The world has seen many viruses in its day, but one of the most prevalent, and interesting, throughout history, is Rabies. It has caused fear and legends around the world for thousands of years and continues to be relevant to both us and our furry family members today.

For millennia, we have known that Rabies is related to the bites of affected animals. Today, we understand that it is a viral disease transmitted through saliva. It can present in different ways, but it almost always results in a change in temperament, paralysis, seizures, and is considered fatal once symptoms appear.

Before the 1880s, there were many wild and interesting treatment attempts, including putting hair from the infected dog into the bite wound of the victim. This is the origin of the phrase “hair of the dog (that bit you)” as a hangover cure. Unfortunately, none of the attempted remedies were particularly efficient and Rabies continued to ravage society.

The world changed when Louis Pasteur, a French chemist and microbiologist, created a Rabies vaccine in the 1880s. Desperate people sought out this new and unfamiliar treatment for their loved ones. By the time of his death, Pasteur’s discovery had already helped thousands of people make a full recovery, a task previously thought to be impossible.

Through applying these innovations to both human and veterinary medicine, we have been able to significantly control the virus. In modern-day Ontario, where many cities and municipalities require vaccination for all domestic animals, positive Rabies cases are quite rare. Amazingly, through strict quarantine protocols, some places throughout the world are now even considered to be Rabies-free.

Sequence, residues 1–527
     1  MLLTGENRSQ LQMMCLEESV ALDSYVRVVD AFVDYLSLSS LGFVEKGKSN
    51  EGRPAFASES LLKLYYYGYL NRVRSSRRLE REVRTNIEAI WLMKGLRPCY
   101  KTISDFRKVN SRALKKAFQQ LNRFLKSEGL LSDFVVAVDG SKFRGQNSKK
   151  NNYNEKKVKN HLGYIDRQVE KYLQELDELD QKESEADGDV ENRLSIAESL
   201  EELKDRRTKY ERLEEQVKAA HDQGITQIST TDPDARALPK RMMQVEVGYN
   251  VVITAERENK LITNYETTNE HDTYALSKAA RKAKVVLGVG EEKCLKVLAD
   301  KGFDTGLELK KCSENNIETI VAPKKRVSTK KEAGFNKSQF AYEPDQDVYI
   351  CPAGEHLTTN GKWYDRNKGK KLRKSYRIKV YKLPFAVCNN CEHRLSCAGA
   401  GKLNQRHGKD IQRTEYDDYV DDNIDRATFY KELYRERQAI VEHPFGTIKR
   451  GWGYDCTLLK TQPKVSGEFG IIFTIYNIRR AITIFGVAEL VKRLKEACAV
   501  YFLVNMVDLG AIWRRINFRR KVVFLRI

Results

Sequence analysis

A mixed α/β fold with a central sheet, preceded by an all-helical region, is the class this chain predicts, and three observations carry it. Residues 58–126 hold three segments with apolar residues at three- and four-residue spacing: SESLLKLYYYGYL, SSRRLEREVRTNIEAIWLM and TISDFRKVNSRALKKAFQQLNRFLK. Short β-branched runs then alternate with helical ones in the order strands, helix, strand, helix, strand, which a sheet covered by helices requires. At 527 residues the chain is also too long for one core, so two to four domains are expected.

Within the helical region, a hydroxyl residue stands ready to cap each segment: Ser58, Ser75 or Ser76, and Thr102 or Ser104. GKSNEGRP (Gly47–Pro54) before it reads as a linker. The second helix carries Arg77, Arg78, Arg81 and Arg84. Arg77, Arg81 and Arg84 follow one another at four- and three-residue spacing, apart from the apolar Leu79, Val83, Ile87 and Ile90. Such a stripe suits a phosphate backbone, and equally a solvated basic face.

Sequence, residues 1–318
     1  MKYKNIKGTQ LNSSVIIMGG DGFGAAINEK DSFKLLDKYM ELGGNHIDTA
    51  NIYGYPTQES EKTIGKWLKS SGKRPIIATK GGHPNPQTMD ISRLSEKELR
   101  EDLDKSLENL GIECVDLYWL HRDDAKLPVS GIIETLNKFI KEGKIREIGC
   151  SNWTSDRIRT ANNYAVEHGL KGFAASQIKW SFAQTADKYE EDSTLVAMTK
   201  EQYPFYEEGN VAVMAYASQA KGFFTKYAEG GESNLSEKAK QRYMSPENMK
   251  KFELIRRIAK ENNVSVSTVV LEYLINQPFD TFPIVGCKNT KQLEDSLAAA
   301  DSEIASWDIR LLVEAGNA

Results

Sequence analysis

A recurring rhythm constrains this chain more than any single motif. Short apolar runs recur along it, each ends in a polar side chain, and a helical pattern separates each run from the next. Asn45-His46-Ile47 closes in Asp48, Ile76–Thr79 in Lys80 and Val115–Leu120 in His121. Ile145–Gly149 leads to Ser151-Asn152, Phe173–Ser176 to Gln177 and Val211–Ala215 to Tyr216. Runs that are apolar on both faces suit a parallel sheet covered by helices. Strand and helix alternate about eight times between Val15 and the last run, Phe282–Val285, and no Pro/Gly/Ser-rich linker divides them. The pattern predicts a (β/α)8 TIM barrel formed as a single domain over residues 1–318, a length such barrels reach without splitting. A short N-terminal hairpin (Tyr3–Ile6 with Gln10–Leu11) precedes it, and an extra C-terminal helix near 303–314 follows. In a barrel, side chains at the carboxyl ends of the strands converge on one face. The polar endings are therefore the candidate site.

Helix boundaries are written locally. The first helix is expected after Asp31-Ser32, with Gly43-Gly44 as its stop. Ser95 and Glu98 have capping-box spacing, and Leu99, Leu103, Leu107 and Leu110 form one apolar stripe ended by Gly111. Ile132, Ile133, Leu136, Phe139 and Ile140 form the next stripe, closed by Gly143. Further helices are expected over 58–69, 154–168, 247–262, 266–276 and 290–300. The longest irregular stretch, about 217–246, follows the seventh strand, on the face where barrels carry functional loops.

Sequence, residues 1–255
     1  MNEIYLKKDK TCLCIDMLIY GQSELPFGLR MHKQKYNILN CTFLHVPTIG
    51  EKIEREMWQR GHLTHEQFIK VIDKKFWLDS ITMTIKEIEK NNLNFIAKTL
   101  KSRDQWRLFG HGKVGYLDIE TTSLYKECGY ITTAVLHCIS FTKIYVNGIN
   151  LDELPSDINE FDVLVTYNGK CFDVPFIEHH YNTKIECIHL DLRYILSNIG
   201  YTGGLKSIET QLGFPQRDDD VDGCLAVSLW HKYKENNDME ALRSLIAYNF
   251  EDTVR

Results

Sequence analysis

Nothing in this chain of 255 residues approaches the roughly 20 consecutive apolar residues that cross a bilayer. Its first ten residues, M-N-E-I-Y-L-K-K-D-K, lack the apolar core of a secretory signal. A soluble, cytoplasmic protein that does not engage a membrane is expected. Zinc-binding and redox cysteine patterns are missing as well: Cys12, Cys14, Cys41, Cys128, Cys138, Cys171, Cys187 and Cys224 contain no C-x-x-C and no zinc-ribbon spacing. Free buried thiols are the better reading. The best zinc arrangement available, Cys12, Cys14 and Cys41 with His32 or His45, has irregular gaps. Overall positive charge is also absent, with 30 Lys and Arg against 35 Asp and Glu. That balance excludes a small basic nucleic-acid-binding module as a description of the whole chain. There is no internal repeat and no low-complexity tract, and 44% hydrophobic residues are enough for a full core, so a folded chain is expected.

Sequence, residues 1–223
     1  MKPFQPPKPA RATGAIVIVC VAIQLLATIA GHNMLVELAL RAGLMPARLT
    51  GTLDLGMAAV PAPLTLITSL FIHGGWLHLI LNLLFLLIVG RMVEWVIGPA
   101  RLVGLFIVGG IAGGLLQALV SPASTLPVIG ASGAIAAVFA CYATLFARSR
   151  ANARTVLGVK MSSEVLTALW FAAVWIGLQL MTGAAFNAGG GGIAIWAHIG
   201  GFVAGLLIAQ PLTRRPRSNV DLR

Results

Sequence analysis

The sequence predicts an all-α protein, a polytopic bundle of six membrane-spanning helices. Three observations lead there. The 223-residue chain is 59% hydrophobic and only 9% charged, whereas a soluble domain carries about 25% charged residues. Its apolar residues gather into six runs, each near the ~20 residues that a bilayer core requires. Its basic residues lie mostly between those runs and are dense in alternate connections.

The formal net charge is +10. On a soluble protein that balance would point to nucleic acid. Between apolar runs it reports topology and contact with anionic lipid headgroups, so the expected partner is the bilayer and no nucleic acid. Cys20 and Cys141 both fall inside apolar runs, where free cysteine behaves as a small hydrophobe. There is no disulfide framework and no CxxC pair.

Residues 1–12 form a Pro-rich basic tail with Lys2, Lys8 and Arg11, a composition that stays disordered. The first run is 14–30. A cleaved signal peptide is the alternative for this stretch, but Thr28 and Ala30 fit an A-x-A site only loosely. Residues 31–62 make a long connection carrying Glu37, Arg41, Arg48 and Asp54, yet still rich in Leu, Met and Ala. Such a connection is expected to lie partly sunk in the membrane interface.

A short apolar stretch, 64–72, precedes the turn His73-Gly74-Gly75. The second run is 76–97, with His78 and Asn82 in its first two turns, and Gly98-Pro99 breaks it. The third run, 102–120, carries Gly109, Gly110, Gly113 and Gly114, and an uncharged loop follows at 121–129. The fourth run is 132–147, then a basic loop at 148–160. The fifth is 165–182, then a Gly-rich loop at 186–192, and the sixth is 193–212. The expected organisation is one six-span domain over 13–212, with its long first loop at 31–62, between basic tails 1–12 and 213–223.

However, because Rabies no longer feels like a real threat to us, it is easy to forget the terror of the disease. In places such as India, stray, unvaccinated dog populations are high and poverty restricts many people from accessing the human vaccine. Annually, many thousands of people across the world, mostly children, still continue to die from Rabies every year.

Rabies is the perfect example to show that vaccination is the cornerstone of prevention. It is amazing sometimes how closely linked our furry family member’s health is with our own, and how when we all work together, we can protect our most vulnerable. Let’s all do our part.

Dr. I. Wonder is here to answer your questions regarding your furry family members. If you have a question, email it to us at Our team at Neighbourhood Pet Clinic will tap into their collective experience to answer your various questions.